Previous studies have shown that in private urban green settings, warm flower colour diversity influences altered heart rate variation and restorative effects (Neale et al., 2021), A conscious use of colour design in landscape planning can influence aesthetic qualities and the viewer’s aesthetic satisfaction, and evoke positive restorative effects (Hoyle et al., 2017). Our study found a negative relationship between high amount of red shades and aesthetic enjoyment and relaxation, as well as a positive relationship between high amount of green shades or white shades (flowers) and the tested variables. This would favour use of the more greenish meadow-like roof vegetation, or a sedum roof under conditions that maintain a more greenish character over time. Intentional use of colour and colour contrast in the design of urban green installations could improve human experiences of pleasantness, as indicated in previous studies by Huang and Lin (2019); Thorpert (2019) and Oleksiichenko et al. (2018). An argument could be made here to choose sedum species with fewer red shades and/or attempt to influence the way which the roofs undergo succession, which could improve how the public experience green roofs. This approach would be in line with the ambition to create and improve harmony between physical environment, human experiences and ecosystems (Bhadouria et al., 2023). The results from this study build on recent studies (Yilmaz et al., 2018; Thorpert et al., 2023), showing that from a cultural ecosystem perspective, landscape professionals have an opportunity to influence the visual expression of green installations through conscious planning and design and thereby influence the viewer´s aesthetic satisfaction.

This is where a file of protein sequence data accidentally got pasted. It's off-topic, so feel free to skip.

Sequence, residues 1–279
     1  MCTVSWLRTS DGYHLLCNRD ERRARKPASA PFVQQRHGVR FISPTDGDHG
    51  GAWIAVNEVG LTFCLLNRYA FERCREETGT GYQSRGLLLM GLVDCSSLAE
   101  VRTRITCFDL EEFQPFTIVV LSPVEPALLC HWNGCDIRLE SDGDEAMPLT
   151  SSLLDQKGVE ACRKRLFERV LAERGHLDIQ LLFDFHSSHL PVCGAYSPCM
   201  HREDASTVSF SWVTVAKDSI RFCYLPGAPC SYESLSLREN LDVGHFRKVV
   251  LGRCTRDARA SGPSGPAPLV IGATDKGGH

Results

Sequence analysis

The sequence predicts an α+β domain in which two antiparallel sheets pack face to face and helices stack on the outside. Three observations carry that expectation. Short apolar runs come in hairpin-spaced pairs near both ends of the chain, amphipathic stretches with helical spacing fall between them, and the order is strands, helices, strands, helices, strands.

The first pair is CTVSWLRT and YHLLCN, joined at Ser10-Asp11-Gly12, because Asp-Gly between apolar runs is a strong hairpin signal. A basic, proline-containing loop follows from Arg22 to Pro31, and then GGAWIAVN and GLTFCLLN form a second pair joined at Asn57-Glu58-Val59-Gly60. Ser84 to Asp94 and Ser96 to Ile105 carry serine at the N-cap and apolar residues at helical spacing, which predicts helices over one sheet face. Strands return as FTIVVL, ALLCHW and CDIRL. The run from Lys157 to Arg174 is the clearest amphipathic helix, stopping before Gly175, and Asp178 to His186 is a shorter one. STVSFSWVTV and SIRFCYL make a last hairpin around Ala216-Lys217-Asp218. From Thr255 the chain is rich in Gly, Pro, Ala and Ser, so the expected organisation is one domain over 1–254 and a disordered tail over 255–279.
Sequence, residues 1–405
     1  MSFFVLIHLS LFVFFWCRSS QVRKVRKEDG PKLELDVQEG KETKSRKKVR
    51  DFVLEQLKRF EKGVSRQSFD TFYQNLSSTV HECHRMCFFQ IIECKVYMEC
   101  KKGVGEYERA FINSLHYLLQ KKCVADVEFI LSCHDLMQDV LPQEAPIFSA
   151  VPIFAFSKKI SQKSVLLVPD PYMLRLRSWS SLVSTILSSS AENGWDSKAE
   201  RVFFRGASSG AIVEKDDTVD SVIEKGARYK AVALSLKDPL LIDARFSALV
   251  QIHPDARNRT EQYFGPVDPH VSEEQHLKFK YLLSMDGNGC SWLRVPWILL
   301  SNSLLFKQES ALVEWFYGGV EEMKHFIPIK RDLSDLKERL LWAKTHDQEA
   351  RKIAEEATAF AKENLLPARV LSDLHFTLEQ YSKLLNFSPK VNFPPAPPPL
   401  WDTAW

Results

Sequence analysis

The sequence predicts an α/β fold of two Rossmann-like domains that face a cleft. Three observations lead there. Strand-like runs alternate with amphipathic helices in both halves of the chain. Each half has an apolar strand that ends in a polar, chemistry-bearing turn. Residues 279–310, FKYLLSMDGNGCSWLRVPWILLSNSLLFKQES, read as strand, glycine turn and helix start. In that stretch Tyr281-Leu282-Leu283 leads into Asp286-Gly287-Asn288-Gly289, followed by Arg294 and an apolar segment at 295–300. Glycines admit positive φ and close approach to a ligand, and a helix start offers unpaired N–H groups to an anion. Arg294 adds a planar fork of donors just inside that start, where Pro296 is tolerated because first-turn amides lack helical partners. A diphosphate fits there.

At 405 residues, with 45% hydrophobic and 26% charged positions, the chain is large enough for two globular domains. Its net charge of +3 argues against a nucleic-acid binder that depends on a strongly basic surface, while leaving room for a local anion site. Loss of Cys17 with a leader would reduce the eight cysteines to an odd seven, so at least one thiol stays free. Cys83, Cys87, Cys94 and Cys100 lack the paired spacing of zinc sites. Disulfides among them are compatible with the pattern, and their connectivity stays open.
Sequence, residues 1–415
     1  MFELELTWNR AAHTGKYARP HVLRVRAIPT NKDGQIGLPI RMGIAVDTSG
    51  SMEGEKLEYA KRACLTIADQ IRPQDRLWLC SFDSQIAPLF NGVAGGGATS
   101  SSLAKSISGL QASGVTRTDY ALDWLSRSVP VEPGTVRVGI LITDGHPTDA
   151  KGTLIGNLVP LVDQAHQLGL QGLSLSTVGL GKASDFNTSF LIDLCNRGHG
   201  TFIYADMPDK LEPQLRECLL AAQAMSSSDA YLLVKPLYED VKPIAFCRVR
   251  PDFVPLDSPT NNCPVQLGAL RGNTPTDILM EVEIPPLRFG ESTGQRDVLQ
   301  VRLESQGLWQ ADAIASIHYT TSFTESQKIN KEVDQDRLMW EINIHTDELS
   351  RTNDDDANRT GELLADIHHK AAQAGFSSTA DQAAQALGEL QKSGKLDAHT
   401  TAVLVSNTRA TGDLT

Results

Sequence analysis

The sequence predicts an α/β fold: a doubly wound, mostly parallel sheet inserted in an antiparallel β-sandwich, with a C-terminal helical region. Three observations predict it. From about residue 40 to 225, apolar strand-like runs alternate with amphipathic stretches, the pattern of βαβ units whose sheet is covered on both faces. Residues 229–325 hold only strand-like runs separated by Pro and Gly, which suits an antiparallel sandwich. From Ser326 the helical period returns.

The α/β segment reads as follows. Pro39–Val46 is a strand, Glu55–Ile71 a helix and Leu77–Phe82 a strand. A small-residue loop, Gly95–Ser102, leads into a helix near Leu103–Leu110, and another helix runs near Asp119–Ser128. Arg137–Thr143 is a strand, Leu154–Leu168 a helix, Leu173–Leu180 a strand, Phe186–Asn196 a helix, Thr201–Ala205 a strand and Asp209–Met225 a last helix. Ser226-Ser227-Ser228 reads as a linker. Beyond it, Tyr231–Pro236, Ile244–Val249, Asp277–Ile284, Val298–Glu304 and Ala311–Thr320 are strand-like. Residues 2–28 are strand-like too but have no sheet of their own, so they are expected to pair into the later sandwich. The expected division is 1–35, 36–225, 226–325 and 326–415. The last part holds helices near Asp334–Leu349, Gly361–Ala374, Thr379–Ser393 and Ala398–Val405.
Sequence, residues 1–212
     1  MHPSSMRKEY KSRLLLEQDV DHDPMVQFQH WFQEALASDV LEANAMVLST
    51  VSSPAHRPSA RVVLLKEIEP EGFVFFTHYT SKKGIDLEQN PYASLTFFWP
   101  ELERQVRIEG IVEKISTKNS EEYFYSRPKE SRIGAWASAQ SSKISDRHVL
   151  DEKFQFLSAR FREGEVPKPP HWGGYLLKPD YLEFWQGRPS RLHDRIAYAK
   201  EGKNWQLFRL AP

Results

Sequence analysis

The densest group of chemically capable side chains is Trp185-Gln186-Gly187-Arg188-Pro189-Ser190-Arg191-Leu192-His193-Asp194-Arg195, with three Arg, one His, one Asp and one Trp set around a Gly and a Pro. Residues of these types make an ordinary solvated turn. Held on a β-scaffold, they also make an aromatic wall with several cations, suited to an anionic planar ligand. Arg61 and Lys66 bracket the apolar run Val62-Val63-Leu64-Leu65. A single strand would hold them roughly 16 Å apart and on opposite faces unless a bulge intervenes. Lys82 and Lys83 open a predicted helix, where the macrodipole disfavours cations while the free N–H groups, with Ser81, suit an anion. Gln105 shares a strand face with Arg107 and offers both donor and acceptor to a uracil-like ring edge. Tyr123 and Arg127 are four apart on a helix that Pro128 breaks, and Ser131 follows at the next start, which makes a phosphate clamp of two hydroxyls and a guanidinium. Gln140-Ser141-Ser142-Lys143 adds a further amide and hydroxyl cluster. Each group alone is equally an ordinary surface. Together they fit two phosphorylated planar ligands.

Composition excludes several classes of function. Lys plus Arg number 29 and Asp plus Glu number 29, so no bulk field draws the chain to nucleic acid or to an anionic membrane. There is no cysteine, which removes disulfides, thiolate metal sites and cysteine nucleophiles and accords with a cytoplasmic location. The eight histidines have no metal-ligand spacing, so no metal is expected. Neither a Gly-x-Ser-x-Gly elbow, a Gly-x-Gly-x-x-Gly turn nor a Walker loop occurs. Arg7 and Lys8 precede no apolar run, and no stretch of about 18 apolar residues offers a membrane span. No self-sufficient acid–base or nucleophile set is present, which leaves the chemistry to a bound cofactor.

Methodological considerations

Visual context and colour composition can influence human perception and how the surroundings are interpreted. Variation in daylight intensity, vegetation and built structures, and other elements are part of the visual experience. Colour constancy in outdoor environments particularly affects the perceived contextual situation. The visual stimulus thereby influences the human perception and related experiences of changed attitudes and preferences towards the perceived environment. The results from this study could be affected by the contextual colour situation. This means that attention should be paid to the overall colour characteristics in which the green roofs are placed and designed.

A strength in this study is that we photographed the green roofs under similar light and weather conditions and used a standardised architectural background as the visual frame. An additional strength is that we tested different successional ages of the sedum roofs as well as different types of biodiverse roofs. However, a weakness is that we only tested one of each type of green roof vegetation. The use of more varieties of biodiverse roofs, and replicates of the sedum-dominated roofs in different age classes, would be a good next step to test whether the observed patterns can be generalised across a broader range of green roofs.

The methodology used in this study gives an understanding of how people experience green roofs, based on a specifically chosen situation and time interval, and using photographs. A more profound understanding about human judgements and green roof vegetation in-situ could help to ensure a well-balanced outcome and increase the understanding of human psychological benefits in relation to green roof vegetation. Previous studies have reported differences in preferences, related to age and gender (Van den Berg and van Winsum-Westra, 2010; Ode Sang et al., 2016; Southon et al., 2017) as well as environmental/garden interest (Hoyle et al., 2018). In this study, a significant influence of landscape/environment/garden interest was found with regards to the responses for restorativeness. No other statistically significant influence of demographic or environmental profile on the responses regarding aesthetic qualities, perceived biodiversity and restorative effects was detected.

Conclusion